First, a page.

Nobody likes paying taxes, but they’re an unfortunate fact of life. Each April, you need to file your tax return to let the government know how much you made and to determine the total income tax that you owe. The US federal government income tax code uses tax brackets based on your income to determine how much you owe.

As your income increases, you pay a higher tax rate on some of your income. We’ll cover everything you need to know.

What is a Tax Bracket?

A tax bracket is a certain range of income and the corresponding tax rate that applies to that range of income.

👉 For Example

You could have a tax bracket applying to incomes from $0 to $50,000 with a tax rate of 15%. All income that falls into that range gets taxed at that rate.

Federal income taxes have many tax brackets with lower tax rates applying to lower levels of income and higher tax rates applying to higher levels of income.

Filing Status

Federal income taxes rely on various tax brackets that increase the tax rate on higher earners. However, to make things a bit more complicated, there are actually four sets of tax brackets based on your filing status.

Your personal situation determines your filing status, which determines which set of tax brackets applies to you. The four filing status options are:

  • Single. This is for most individuals who are not married.
  • Married, filing jointly. This is for most married people who file a joint tax return.
  • Married, filing separately. This applies to married people who each file their own tax returns. Generally filing jointly is the better financial choice.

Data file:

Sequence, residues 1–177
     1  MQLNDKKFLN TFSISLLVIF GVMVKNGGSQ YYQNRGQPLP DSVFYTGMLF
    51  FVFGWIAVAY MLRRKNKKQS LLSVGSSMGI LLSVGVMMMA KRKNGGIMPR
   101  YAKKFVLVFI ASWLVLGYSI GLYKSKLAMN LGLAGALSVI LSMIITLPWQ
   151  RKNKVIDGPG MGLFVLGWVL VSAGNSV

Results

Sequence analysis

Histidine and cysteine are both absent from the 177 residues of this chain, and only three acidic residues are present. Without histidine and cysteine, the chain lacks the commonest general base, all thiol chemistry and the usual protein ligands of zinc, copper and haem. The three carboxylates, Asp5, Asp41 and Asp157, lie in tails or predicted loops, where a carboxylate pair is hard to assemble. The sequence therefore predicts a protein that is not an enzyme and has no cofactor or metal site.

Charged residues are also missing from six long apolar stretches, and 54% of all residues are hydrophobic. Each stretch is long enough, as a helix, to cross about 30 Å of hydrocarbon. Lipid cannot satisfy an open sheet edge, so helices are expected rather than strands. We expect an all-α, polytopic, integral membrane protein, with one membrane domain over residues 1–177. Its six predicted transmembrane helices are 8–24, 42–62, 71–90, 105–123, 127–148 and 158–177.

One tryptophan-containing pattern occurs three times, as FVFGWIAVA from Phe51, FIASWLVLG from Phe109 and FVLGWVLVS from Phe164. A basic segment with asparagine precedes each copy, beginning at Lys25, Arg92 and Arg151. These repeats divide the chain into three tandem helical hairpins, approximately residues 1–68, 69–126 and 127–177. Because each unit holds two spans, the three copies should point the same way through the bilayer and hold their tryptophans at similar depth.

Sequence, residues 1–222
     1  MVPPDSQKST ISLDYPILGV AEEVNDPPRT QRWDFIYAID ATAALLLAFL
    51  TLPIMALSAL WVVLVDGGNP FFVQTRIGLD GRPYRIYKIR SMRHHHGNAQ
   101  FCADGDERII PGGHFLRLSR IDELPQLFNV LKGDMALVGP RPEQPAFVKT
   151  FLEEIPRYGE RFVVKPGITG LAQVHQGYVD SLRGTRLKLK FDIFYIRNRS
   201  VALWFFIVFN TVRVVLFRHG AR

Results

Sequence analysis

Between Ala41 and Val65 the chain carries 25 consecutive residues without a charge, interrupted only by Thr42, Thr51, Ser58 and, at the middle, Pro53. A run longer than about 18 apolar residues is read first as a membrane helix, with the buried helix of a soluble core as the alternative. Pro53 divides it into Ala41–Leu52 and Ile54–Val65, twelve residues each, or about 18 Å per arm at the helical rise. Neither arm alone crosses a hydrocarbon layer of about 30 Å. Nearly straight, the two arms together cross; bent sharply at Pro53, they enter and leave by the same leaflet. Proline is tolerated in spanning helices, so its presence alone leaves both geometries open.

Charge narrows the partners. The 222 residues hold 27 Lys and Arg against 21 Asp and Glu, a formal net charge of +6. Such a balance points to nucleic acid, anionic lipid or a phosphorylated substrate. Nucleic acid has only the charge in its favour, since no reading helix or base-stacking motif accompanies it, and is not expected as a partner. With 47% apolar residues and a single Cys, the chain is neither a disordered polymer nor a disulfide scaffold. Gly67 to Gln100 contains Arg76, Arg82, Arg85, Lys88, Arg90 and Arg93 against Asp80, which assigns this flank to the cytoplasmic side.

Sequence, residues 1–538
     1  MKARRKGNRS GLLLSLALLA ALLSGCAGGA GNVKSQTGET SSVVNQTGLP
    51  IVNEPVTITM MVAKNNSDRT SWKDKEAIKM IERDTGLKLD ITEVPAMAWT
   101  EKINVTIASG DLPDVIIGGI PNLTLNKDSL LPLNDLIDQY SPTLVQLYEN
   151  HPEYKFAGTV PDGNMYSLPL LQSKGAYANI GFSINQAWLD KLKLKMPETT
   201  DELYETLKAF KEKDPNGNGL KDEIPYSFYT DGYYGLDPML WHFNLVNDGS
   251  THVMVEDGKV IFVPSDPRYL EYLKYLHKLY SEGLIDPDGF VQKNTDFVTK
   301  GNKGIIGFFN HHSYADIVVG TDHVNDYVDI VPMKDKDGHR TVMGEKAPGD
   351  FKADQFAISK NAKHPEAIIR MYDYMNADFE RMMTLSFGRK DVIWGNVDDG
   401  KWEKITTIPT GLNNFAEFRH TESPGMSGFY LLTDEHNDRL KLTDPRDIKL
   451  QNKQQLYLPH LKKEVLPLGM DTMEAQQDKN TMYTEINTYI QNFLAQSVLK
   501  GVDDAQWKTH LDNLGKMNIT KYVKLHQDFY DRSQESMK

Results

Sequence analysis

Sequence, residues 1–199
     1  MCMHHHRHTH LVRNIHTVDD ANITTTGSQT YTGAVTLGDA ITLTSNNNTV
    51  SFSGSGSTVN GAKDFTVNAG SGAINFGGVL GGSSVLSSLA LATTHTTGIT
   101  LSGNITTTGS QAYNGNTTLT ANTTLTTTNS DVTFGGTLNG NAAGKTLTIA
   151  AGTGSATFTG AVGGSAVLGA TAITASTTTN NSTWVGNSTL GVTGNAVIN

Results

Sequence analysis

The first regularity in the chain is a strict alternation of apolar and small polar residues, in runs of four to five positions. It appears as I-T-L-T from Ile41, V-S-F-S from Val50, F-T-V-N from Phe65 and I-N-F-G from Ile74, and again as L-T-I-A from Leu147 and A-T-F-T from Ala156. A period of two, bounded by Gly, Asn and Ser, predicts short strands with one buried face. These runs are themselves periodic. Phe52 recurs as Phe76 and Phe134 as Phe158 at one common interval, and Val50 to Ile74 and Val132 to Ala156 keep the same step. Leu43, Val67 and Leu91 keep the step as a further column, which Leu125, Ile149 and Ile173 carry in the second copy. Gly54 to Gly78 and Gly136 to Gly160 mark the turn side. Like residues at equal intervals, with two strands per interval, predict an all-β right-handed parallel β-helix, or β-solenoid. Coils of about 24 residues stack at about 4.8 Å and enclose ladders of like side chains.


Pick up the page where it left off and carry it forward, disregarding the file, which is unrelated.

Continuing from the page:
• Head of household. This is for unmarried people who have a qualifying child or dependent and who pay for more than half of their household’s expenses.

Each set of tax brackets uses the same tax rates, however, which incomes those rates apply to will vary.

2021 Tax Brackets

For 2021, federal income tax brackets were:

Tax rate Single Married, filing jointly Married, filing separately Head of household
10% $0 to $9,950 $0 to $19,900 $0 to $9,950 $0 to $14,200
12% $9,951 to $40,525 $19,901 to $81,050 $9,951 to $40,525 $14,201 to $54,200
22% $40,526 to $86,375 $81,051 to $172,750 $40,526 to $86,375 $54,201 to $86,350
24% $86,376 to $164,925 $172,751 to $329,850 $86,376 to $164,925 $86,351 to $164,900
32% $164,926 to $209,425 $329,851 to $418,850 $164,926 to $209,425 $164,901 to $209,400
35% $209,426 to $523,600 $418,851 to $628,300 $209,426 to $314,150 $209,401 to $523,600
37% $523,601 or more $628,301 or more $314,151 or more $523,601 or more

2022 Tax Brackets

For 2022, federal income tax brackets are:

Tax rate Single Married, filing jointly Married, filing separately Head of household
10% $0 to $10,275 $0 to $20,550 $0 to $10,275 $0 to $14,650
12% $10,276 to $41,775 $20,551 to $83,550 $10,276 to $41,775 $14,651 to $55,900
22% $41,776 to $89,075 $83,551 to $178,150 $41,776 to $89,075 $55,901 to $89,050
24% $89,076 to $170,050 $178,151 to $340,100 $89,076 to $170,050 $89,051 to $170,050
32% $170,051 to $215,950 $340,101 to $431,900 $170,051 to $215,950 $170,051 to $215,950
35% $215,951 to $539,900 $431,901 to $647,850 $215,951 to $323,925 $215,951 to $539,900
37% $539,900 or more $647,850 or more $332,925 or more $539,900 or more